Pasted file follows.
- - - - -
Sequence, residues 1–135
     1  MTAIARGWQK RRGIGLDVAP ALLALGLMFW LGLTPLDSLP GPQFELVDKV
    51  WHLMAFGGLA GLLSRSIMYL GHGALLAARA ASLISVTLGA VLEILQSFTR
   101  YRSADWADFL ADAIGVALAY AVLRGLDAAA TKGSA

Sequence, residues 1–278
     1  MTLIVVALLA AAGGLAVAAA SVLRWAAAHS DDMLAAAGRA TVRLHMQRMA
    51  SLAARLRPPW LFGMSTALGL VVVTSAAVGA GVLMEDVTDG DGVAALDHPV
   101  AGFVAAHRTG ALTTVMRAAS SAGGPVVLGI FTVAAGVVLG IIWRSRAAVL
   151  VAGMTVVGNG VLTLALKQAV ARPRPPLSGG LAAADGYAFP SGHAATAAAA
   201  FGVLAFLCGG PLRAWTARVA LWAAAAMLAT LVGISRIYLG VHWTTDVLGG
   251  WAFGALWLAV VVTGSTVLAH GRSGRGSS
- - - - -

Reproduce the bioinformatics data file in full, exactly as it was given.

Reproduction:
Sequence, residues 1–135
     1  MTAIARGWQK RRGIGLDVAP ALLALGLMFW LGLTPLDSLP GPQFELVDKV
    51  WHLMAFGGLA GLLSRSIMYL GHGALLAARA ASLISVTLGA VLEILQSFTR
   101  YRSADWADFL ADAIGVALAY AVLRGLDAAA TKGSA

Sequence, residues 1–278
     1  MTLIVVALLA AAGGLAVAAA SVLRWAAAHS DDMLAAAGRA TVRLHMQRMA
    51  SLAARLRPPW LFGMSTALGL VVVTSAAVGA GVLMEDVTDG DGVAALDHPV
   101  AGFVAAHRTG ALTTVMRAAS SAGGPVVLGI FTVAAGVVLG IIWRSRAAVL
   151  VAGMTVVGNG VLTLALKQAV ARPRPPLSGG LAAADGYAFP SGHAATAAAA
   201  FGVLAFLCGG PLRAWTARVA LWAAAAMLAT LVGISRIYLG VHWTTDVLGG
   251  WAFGALWLAV VVTGSTVLAH GRSGRGSS